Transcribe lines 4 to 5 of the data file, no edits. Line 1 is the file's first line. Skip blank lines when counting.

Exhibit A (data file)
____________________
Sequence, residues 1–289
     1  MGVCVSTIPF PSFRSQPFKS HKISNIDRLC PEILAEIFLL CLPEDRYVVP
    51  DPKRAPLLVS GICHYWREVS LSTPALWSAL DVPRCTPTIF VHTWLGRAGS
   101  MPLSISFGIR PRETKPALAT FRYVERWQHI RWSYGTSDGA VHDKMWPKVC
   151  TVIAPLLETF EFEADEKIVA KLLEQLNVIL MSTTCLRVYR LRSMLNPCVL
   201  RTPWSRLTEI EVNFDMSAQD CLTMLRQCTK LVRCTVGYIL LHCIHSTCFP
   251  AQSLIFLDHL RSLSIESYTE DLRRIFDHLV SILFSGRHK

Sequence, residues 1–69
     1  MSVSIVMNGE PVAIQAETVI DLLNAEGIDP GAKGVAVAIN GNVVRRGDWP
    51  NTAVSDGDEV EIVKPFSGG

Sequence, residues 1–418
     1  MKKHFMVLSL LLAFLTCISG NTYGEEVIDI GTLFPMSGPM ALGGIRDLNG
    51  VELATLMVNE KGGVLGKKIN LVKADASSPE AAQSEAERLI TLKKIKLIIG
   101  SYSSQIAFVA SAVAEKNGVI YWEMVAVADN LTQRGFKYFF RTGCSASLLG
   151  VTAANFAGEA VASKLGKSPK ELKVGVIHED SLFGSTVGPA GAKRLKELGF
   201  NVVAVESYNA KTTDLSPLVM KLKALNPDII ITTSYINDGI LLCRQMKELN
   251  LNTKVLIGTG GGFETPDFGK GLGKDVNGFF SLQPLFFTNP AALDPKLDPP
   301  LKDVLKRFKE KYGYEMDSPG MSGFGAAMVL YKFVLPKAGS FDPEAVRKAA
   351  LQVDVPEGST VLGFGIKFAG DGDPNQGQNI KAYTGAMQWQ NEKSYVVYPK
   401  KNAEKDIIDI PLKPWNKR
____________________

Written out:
   101  MPLSISFGIR PRETKPALAT FRYVERWQHI RWSYGTSDGA VHDKMWPKVC
   151  TVIAPLLETF EFEADEKIVA KLLEQLNVIL MSTTCLRVYR LRSMLNPCVL